Justice delayed is justice denied.
British Prime Minister William E. "Don't Call Me Ricky" Gladstone
The estimable Bob DuPuy denied the Indians protest of their 7-4 loss on April 28 to the Orioles. In the game, a botched call on a run scoring before the completion of a non-continuous double play caused a game erroneously tied 2-2 to become a retroactive 3-2 O's lead three innings later.
DuPuy reached his decision "because the umpires' mistake did not involve a judgment call, and because there is nothing in the Official Baseball Rules to address when umpires can make a correction, the umps can act at their own discretion."
I also would have mentioned that the delay did not affect the outcome of the game. The Indians went on to grab a 4-3 lead on a "Why Can't Jhonny Spell" Peralta homer in the sixth just after the run was posthumously added to the score. The Indians lost 7-4. So what would have been the difference if the 2-2 tie had been a 2-3 deficit for three innings? Would the Indians have tried that much harder to score a run from the third to the fifth? I think not. Why not blame it on the decision to use Aaron Fultz with the game on the line in the eighth.
Baseball's official statement cited "'the first requisite is to get decisions correctly,' [therefore,] this umpire crew was within
the authority that Rule 9.01 (c) gave them to correct the game score when they did." I guess they can't say in an official statement that the umps involved are complete doofises.
Baseball's statement is based on the General Instructions To Umpires at the end of the Umpire section of the rule book (section 9):
Each umpire team should work out a simple set of signals, so the proper umpire can always right a manifestly wrong decision when convinced he has made an error. If sure you got the play correctly, do not be stampeded by players' appeals to "ask the other man." If not sure, ask one of your associates. Do not carry this to extremes, be alert and get your own plays. But remember! The first requisite is to get decisions correctly. If in doubt don't hesitate to consult your associate. Umpire dignity is important but never as important as "being right."
"Umpire dignity"? No that's an oxymoron. Unfortunately (and amazingly) here none of the umps, some seasoned professions like Ed Montague, knew this very basic rule. They didn't know they got it wrong until they bothered to check the rulebook three innings later. If I were a manager, I would have one of my coaches carry the rulebook (instead of tobacky) in his back pocket for just these sorts of situations.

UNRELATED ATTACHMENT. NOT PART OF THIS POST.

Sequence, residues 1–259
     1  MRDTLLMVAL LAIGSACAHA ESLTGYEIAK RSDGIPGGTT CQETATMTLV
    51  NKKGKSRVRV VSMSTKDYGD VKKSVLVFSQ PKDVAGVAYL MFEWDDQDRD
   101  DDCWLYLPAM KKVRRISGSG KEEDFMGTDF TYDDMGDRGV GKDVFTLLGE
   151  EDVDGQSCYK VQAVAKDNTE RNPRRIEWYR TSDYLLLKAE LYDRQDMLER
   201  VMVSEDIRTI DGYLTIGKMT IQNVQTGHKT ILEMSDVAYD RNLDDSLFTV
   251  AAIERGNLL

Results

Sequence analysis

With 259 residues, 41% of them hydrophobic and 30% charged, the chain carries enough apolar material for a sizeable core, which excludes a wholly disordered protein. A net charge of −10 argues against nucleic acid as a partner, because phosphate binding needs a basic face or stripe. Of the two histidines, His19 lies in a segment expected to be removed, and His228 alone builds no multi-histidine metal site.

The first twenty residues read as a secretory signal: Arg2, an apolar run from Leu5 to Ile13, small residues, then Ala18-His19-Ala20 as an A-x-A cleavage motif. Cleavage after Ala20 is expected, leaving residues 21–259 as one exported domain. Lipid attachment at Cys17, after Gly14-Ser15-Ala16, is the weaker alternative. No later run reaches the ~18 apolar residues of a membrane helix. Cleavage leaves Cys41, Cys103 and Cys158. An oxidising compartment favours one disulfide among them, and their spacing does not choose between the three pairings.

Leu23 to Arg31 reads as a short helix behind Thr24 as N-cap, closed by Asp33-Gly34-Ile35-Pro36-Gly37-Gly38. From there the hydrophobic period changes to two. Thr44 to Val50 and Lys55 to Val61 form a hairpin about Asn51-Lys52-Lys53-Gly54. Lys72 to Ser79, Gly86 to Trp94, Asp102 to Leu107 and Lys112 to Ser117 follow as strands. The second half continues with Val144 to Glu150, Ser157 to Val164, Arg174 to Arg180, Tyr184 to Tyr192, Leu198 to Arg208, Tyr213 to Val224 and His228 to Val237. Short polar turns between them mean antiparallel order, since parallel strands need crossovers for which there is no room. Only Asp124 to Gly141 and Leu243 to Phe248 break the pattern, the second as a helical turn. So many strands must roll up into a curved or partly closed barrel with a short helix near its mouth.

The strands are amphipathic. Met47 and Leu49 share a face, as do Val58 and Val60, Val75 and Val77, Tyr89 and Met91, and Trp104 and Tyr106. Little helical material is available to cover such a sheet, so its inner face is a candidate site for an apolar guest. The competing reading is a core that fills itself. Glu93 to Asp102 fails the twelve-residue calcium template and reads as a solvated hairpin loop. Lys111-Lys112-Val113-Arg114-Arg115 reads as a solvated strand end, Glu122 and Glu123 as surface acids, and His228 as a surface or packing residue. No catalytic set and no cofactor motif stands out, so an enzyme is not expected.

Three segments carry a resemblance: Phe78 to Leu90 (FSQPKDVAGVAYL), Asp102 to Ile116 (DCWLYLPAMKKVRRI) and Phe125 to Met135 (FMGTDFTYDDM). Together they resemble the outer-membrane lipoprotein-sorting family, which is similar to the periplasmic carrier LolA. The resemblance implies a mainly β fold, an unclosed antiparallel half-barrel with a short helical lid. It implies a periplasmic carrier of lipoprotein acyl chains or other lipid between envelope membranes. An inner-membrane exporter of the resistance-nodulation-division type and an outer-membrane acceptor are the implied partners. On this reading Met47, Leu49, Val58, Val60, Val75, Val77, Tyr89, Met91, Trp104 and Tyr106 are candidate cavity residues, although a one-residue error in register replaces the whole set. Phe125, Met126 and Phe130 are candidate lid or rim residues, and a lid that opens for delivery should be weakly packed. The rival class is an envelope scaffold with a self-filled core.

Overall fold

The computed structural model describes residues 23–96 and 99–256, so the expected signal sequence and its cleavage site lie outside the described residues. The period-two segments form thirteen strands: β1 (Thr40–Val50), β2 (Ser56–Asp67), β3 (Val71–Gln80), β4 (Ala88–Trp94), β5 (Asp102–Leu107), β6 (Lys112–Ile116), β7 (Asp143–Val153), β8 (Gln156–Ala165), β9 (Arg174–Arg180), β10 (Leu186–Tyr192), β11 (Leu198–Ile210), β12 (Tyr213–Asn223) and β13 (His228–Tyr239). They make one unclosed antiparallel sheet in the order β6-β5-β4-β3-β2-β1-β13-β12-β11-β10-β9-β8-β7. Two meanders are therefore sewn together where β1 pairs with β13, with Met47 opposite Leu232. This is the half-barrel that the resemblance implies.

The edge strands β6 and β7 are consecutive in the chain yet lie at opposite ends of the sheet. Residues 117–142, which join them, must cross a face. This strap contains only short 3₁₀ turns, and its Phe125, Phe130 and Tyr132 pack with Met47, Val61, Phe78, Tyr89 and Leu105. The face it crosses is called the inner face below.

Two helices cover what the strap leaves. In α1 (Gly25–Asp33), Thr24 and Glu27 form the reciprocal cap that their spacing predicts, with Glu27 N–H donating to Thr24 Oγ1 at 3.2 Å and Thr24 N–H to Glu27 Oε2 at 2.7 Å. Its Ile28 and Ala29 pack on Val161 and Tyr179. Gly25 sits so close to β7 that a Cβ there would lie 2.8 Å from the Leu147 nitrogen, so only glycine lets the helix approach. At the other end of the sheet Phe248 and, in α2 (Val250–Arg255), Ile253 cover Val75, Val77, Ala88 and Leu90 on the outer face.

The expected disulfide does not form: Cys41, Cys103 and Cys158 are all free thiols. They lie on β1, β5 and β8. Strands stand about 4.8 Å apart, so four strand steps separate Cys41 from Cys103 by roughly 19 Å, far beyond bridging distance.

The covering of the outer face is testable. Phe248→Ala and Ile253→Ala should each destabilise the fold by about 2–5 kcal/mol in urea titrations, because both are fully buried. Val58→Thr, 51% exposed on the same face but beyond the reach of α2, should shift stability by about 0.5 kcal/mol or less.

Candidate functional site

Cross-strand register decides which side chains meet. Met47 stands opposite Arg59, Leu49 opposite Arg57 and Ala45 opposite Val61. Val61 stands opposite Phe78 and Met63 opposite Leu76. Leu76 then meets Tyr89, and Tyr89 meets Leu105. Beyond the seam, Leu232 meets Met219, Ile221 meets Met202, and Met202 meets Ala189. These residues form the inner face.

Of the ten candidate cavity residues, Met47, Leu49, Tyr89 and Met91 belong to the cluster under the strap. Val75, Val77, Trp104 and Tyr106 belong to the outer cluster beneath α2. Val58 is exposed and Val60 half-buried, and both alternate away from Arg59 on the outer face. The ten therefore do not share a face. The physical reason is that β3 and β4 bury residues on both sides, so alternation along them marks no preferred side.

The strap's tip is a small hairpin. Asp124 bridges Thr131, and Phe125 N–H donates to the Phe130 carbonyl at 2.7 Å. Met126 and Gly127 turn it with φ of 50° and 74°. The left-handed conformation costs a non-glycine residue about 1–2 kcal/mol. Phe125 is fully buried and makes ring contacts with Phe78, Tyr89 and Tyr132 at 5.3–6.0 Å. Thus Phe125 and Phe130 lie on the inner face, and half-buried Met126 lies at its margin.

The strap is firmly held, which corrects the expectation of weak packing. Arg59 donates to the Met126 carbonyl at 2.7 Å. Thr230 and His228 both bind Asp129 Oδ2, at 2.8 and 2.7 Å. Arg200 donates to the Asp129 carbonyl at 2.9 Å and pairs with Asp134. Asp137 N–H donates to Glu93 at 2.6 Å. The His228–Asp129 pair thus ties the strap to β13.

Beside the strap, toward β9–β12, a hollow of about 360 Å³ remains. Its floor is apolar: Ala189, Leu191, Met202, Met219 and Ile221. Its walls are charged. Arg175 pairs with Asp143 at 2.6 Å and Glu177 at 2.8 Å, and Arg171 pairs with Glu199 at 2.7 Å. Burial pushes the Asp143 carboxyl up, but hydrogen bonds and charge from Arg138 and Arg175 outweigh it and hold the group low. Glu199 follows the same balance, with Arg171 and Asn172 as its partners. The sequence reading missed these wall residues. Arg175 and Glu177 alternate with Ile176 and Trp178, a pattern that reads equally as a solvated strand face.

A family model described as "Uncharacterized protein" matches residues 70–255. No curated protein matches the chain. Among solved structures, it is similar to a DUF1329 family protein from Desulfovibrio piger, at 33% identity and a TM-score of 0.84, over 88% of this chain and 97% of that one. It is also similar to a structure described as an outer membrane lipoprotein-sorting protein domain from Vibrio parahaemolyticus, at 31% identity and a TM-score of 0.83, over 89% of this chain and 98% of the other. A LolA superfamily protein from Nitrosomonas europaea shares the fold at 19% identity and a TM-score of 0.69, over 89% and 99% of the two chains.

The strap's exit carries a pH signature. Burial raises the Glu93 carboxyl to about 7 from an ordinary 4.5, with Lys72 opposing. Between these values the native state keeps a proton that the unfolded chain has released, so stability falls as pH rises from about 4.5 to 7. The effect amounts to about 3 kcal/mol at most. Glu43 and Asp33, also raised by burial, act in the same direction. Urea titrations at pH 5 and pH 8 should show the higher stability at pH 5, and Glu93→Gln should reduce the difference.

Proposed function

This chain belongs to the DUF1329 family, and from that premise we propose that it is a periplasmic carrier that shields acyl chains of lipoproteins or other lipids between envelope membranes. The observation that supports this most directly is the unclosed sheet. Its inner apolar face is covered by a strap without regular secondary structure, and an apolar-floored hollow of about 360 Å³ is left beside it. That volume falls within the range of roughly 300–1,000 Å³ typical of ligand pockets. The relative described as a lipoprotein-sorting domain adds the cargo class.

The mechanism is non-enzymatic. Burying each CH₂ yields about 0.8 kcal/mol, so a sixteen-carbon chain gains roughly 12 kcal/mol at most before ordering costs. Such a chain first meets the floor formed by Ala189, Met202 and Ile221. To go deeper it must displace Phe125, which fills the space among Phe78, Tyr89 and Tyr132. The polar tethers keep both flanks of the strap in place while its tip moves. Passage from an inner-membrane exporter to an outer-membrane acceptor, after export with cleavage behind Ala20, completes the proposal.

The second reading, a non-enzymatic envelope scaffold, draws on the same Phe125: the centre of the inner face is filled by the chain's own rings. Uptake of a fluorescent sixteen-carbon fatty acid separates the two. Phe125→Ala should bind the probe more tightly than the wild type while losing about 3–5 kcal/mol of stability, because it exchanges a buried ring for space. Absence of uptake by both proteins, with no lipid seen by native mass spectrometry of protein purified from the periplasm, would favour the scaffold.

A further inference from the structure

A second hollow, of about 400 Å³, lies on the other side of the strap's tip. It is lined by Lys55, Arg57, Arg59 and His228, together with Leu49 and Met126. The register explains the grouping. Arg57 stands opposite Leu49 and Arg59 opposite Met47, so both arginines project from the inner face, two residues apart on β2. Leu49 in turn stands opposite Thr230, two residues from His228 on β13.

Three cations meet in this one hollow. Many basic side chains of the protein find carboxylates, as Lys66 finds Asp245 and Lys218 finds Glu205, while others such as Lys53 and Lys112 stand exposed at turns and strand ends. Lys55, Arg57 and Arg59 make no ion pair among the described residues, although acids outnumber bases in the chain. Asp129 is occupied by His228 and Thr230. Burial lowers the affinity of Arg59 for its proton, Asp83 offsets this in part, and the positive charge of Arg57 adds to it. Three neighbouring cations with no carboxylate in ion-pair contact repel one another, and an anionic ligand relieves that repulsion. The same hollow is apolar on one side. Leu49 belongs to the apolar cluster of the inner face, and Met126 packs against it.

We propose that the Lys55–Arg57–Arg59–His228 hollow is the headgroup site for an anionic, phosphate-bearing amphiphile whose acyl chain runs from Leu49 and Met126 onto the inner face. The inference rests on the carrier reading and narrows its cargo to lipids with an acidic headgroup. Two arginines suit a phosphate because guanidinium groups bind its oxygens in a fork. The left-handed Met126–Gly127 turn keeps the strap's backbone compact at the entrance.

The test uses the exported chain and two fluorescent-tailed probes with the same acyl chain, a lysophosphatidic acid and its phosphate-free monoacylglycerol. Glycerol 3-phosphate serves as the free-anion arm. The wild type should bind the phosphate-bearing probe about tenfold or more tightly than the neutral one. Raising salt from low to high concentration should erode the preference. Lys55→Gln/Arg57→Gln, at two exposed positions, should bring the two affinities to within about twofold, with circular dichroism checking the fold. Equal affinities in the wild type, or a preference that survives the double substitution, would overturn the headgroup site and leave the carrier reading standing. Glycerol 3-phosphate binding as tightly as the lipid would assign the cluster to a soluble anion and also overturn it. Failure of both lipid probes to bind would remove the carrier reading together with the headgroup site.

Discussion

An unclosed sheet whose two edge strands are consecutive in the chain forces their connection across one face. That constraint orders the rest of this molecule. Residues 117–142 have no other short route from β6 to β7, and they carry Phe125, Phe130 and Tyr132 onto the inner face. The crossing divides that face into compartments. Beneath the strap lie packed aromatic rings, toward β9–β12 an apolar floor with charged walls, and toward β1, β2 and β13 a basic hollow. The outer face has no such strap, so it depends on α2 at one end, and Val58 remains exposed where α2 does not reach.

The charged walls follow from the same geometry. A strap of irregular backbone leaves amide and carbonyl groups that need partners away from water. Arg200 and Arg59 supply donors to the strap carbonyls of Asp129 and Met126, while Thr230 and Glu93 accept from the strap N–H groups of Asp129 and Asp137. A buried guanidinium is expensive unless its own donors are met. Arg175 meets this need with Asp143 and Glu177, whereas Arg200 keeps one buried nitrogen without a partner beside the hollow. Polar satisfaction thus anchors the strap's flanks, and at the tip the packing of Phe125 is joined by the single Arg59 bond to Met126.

Rule 9.01(c) is a quick one: "Each umpire has authority to rule on any point not specifically covered in these rules.". I love that one. It's perfect for giving boneheaded umps a Mulligan whenever needed. It's great that the baseball gods in formulating the rules of the game acknowledged Gödel's Theorem , which tells us that any system is inherently incomplete.
I couldn't find an example in which a decision, especially one that affected the score, was delayed for anything like three innings, but Rich Marazzi's The Rules and Lore of Baseball had an interesting one, though it was a shorter delay (I'll mercifully skip Merkle's boner):
In a game against the St. Louis Browns in 1922, with two out in the top of the ninth inning and the Yankees ahead 2-1, the Browns' Johnny Tobin grounded to Yankee first baseman Wally Pipp, with Chick Shorten on second and Pat Collins on first. Pipp tossed to Yankee chucker Sam Jones, covering first base. Umpier Ollie Chill waved Tobin out, and the Yankee players along with the large crowd of 49,152 assumed the game was over.
However, Lee Fohl, coaching at first, had noticed that Jones did not have possession of the ball as he juggled it before holding it securely. Fohl took it up with plate umpire Brick Owens, who told Chill in his opinion Tobin was safe. In the meantime, the tying Brown run had scored from second. After a 20-minute delay, Chill reversed his original decision, the game was resumed, and the Browns won, 7-2. So here we have a game that was temporarily won but eventually was lost.